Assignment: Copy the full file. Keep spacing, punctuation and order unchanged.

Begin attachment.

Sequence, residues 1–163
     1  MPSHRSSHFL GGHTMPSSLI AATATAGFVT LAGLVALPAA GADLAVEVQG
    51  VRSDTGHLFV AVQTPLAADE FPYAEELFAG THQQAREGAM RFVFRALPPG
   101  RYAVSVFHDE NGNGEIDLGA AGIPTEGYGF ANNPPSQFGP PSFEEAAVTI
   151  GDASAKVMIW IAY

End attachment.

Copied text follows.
Sequence, residues 1–163
     1  MPSHRSSHFL GGHTMPSSLI AATATAGFVT LAGLVALPAA GADLAVEVQG
    51  VRSDTGHLFV AVQTPLAADE FPYAEELFAG THQQAREGAM RFVFRALPPG
   101  RYAVSVFHDE NGNGEIDLGA AGIPTEGYGF ANNPPSQFGP PSFEEAAVTI
   151  GDASAKVMIW IAY